Quincy News

'This is a like a lifetime of Christmases ... in one day'

Frank Haxel makes a cut while Adam Yates looks on during the 2x4Ős For Hope tiny home build at 1025 N. 6th Street on Saturday, Nov. 9, 2019. The 576 square-foot tiny home will be completed Sunday and will be given to an Air Force Veteran. | H-W Photo/Jake Shane
Jake Shane1|
By Herald-Whig
Posted: Nov. 11, 2019 12:01 am

QUINCY -- Admittedly, Brittney Welch was grateful.

Very, very grateful.

As she relayed her story, her eyes danced with a unique kind of joy only a mother can appreciate.

And at times, her emotion-filled voice would tremble in thankfulness.

All of this was fittingly punctuated by Welch's breathtaking smile on a crisp, but sunny Sunday afternoon near the intersection of Sixth and Cherry streets.

Brittney, a 32-year-old Air Force veteran, is the latest recipient of one of the "tiny homes" provided by the local 2x4s for Hope outreach ministry that assists veterans in need.

"This is a like a lifetime of Christmases ... in one day," said Welch, who with her 12-year-old daughter, Haleigh, will occupy the 575-square-foot house built by more than 100 volunteers on Saturday and Sunday.

Welch, a Quincy High graduate, served in Air Force security forces in Europe and the Middle East until health problems ultimately led to a medical discharge more than a decade ago.

Since then, Welch has experienced more medical issues while trying to make ends meet.

"I was struggling even to put food on the table," she said.

That was then, and this is now -- and "now" is a much better life for Welch and her daughter. She works full time for a local oral surgeon, and piece by piece her life is coming back together. The new home is a godsend, she says.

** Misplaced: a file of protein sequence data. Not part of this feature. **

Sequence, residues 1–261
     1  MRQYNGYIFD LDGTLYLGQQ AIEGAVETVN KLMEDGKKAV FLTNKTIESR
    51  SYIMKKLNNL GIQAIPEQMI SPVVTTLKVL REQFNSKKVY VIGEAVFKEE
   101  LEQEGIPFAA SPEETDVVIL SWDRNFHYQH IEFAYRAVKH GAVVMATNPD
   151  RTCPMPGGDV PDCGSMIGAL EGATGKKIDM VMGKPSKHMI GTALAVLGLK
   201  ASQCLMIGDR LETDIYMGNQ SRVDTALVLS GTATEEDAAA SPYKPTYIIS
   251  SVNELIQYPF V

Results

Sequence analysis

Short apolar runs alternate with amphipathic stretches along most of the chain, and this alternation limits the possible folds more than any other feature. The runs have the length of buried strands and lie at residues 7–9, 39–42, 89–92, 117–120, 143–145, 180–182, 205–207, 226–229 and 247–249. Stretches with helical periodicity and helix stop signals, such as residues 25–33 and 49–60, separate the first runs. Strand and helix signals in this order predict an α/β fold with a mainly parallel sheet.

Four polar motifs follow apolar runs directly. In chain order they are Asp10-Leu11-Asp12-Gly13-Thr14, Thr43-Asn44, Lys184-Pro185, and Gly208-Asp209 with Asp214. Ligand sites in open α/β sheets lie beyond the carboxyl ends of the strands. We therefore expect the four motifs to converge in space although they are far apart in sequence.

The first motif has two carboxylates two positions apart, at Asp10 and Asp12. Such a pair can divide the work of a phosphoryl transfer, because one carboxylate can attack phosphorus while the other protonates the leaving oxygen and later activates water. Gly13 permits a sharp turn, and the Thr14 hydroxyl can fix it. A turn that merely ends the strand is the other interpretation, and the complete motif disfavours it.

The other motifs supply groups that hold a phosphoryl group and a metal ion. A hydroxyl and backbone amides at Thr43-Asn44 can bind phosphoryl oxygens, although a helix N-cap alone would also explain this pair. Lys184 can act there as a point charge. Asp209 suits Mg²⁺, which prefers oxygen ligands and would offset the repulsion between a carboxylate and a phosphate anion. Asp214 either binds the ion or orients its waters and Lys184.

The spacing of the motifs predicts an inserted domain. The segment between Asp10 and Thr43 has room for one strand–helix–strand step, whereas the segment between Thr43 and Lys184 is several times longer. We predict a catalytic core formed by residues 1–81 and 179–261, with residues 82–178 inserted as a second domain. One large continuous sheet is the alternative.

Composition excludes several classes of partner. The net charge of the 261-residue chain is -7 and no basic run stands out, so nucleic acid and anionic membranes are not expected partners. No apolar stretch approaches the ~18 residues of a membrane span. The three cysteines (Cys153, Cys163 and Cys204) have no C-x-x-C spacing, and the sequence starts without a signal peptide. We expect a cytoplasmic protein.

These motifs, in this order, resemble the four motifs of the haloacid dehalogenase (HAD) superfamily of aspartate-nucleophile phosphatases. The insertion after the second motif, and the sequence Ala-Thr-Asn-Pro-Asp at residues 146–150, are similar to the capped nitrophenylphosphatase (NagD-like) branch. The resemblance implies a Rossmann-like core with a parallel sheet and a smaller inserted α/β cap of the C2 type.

"I was actually in the hospital when I found out about (2x4s for Hope)," Welch said.

Recipients of a tiny home must meet certain requirements and be an active participant in the process, which includes a mentoring program.

Welch said from the time she reached out to 2x4s for Hope until she was accepted for a home covered about five months.

Veterans who are selected for a tiny home move into a fully furnished site and sign a 10-year contract. One of the requirements is they must pay all taxes connected with the home.

Welch's tiny home is the third of five planned for the Sixth and Cherry block.

Gerilynn Morrison, a member of the board of directors for 2x4s for Hope, said each home carries about a $34,000 cost. All labor is donated. Many of the products required for the home are either donated or acquired at a reduced cost.

Local contractor Mark Lawrence and his wife, Chris, founded 2x4s for Hope in May 2015. This weekend has been a perfect example of the community's support for the concept -- and local veterans.

"The response has been phenomenal," Chris Lawrence said. "There are volunteers here from all over, including as far away as Wisconsin." Lawrence said Big O's Eats and Treats, a relatively new culinary business in Canton, Mo., was on hand Sunday supplying food. On Saturday, representatives from the Payson Seymour Elementary School did the same.

"It's always exciting to see who shows up," Lawrence said.

Welch is looking forward to paying her good fortune forward.

"My ultimate goal is to be debt free and help others (who are in a situation that mirrors her own previous difficulties)," she said.

The first tiny home in Quincy was built in September 2018, the second in April. In July, the first tiny home was built in Mount Sterling.

Lawrence said two more tiny homes are scheduled in the spring of 2020, one each in Quincy and Mount Sterling.

Those interested in donating time and/or funding to 2x4s for Hope should call Lawrence at 217-617-8500. More information is available at 2x4forhope.org.

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